Another nose pinch, this one very brief. “He went with… oh, with Catfish and Big Steve. They’ll be in line for breakfast up at the Lutheran Church on Ponce, if habit proves true.” She arose, pulled back the curtain that covered the window; Diana could see rows of bunk beds, with men milling about. Longstreet looked over the room, shrugged, let the curtain fall back. “I don’t see them inside, so that’s my guess. Let me put the word out for you.”

A couple of phone calls later, “Yes, they along with half the other residents are there. They have to listen to a sermon, which personally I find objectionable, but most of them say it’s worth it for a better-quality breakfast.”

She looked at them in the eyes, first Mustapha, then Diana. “Please find this guy, detectives. Bill is… Bill was an inspiration to all of us. He had problems, he confronted them, he got his life together. His sons think he’s moving back in with them on Friday.” More weeping.

Now we have not only next of kin, but also some people who saw Knight a few hours before his death. Note again that Longstreet dodges the Red question.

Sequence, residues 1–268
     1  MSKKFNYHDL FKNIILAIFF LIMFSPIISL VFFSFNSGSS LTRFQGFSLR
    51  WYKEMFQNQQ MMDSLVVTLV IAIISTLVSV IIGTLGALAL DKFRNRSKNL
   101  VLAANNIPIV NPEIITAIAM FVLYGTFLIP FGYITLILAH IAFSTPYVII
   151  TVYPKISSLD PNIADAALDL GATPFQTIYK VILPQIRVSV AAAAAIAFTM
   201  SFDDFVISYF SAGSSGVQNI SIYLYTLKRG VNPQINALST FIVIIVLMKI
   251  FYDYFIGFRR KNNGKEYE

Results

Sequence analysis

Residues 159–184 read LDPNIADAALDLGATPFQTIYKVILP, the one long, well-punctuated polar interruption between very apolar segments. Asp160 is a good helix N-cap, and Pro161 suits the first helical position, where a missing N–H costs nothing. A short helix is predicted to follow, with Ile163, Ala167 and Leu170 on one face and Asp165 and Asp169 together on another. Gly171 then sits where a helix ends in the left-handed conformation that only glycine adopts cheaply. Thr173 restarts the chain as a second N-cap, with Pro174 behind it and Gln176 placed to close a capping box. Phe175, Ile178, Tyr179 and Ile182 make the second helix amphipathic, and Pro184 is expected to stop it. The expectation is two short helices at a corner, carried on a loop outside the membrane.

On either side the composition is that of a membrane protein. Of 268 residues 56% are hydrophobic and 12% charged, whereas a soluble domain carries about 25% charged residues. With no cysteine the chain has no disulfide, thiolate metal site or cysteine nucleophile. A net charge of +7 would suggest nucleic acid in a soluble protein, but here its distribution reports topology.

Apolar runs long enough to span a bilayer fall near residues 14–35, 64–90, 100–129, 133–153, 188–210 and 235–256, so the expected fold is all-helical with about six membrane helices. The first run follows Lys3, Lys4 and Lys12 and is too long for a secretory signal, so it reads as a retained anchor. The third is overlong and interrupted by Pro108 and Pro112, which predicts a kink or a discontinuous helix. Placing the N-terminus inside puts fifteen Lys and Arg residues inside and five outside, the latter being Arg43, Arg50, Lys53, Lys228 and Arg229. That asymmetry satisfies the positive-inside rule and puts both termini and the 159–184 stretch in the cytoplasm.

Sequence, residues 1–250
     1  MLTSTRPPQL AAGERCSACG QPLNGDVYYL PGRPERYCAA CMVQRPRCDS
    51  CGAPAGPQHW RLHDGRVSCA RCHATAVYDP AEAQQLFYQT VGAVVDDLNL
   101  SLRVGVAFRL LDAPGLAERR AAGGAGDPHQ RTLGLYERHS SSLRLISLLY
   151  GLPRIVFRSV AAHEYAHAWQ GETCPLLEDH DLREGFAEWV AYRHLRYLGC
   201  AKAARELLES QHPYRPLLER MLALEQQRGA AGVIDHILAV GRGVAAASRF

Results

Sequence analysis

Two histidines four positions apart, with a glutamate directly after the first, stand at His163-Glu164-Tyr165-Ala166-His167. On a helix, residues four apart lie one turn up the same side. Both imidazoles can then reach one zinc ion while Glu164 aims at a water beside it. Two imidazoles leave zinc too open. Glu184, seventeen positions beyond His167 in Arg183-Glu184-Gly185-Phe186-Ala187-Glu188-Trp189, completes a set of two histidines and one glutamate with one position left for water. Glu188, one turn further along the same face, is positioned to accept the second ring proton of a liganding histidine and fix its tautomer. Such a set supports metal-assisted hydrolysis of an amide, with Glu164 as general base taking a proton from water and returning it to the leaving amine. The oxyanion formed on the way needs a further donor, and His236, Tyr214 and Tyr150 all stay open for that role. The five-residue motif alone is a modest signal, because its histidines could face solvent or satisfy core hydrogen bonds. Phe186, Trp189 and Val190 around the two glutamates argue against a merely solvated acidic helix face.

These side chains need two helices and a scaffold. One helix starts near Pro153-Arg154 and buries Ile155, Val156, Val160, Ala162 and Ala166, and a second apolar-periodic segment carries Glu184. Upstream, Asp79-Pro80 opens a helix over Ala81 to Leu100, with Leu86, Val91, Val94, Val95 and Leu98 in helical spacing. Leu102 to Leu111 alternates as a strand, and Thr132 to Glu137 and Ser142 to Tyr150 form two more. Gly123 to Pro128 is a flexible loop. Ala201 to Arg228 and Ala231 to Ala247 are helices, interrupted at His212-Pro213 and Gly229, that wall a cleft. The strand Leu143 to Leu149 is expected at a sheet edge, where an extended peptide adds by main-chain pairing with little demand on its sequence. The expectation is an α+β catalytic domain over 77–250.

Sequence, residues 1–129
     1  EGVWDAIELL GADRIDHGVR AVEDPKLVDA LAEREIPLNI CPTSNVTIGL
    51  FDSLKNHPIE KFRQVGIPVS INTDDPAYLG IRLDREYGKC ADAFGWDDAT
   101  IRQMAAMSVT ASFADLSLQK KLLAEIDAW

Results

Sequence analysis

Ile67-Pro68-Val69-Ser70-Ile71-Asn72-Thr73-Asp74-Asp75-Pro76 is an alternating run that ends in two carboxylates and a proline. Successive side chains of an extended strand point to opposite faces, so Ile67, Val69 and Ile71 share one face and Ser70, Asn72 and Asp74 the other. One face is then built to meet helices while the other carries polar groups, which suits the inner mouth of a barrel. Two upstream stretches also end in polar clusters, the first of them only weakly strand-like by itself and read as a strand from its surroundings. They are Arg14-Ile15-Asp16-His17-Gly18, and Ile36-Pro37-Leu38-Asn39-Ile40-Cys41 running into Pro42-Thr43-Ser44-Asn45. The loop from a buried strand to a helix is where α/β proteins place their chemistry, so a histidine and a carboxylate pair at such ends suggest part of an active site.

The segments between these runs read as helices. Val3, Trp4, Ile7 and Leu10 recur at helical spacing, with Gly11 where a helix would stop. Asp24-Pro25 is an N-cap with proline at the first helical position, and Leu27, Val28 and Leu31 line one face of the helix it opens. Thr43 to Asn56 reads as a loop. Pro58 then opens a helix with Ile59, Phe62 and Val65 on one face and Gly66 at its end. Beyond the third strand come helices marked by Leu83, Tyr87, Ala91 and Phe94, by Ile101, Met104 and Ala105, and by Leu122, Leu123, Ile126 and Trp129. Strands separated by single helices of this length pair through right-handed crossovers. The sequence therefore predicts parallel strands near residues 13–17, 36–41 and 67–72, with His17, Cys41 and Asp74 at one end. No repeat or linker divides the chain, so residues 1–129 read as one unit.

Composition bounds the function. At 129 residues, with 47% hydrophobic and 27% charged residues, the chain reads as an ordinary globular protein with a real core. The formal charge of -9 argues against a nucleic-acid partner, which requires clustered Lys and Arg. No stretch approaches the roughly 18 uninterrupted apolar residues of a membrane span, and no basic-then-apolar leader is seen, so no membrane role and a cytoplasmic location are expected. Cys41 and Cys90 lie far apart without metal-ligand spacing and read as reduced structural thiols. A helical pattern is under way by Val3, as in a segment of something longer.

Novel 3: Act III, Chapter 1, Scene 3a

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Diana and Mustapha arrive at the shelter, in order to break the news of Bill Knight’s death to Claire Longstreet, and also to find next of kin and any leads:

The sky was mostly light by the time they pulled up in front of Peachtree-Pine, but even this early, the door was open and a few people were milling about the entrance. Henry Buchanan was at the door, drinking out of a chipped coffee mug with World’s Best Dad printed on it. “Go on in,” he told them. “We all saw the news; Ms. Claire showed up a while ago, said to send you in. Who was it?”

“We can’t say,” said Diana. “We have to talk to the family, first.”

Claire Longstreet was in all black: sweater, jeans, real leather boots. She was pouring tea for herself. “My phone started ringing at four-thirty. Please tell me there’s some obvious clue and you’ll have someone in custody soon.” She grabbed two empty mugs, poured more tea, handed them out. “He was one of ours, wasn’t he?”

“One of yours,” said Mustapha.

Diana held out the tablet. “Bill Knight: I met him. You didn’t want him to talk to us. Now he’s dead.”

“Oh, no. But I don’t see how–“

“Cut the bullshit, Ms. Longstreet,” said Mustapha. “We’re not here to mess with your operation. We need a next of kin for Mr. Knight, if you’ve got it, and we need to know what meeting he was at yesterday evening.”